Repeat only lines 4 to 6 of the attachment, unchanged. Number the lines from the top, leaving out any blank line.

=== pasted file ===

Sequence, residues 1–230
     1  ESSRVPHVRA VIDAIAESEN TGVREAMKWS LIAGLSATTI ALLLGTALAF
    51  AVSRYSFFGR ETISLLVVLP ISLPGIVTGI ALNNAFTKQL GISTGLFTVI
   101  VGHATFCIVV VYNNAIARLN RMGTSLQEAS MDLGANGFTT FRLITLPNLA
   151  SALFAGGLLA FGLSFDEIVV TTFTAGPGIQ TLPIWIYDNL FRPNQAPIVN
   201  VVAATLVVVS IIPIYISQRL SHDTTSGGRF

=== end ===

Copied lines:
   101  VGHATFCIVV VYNNAIARLN RMGTSLQEAS MDLGANGFTT FRLITLPNLA
   151  SALFAGGLLA FGLSFDEIVV TTFTAGPGIQ TLPIWIYDNL FRPNQAPIVN
   201  VVAATLVVVS IIPIYISQRL SHDTTSGGRF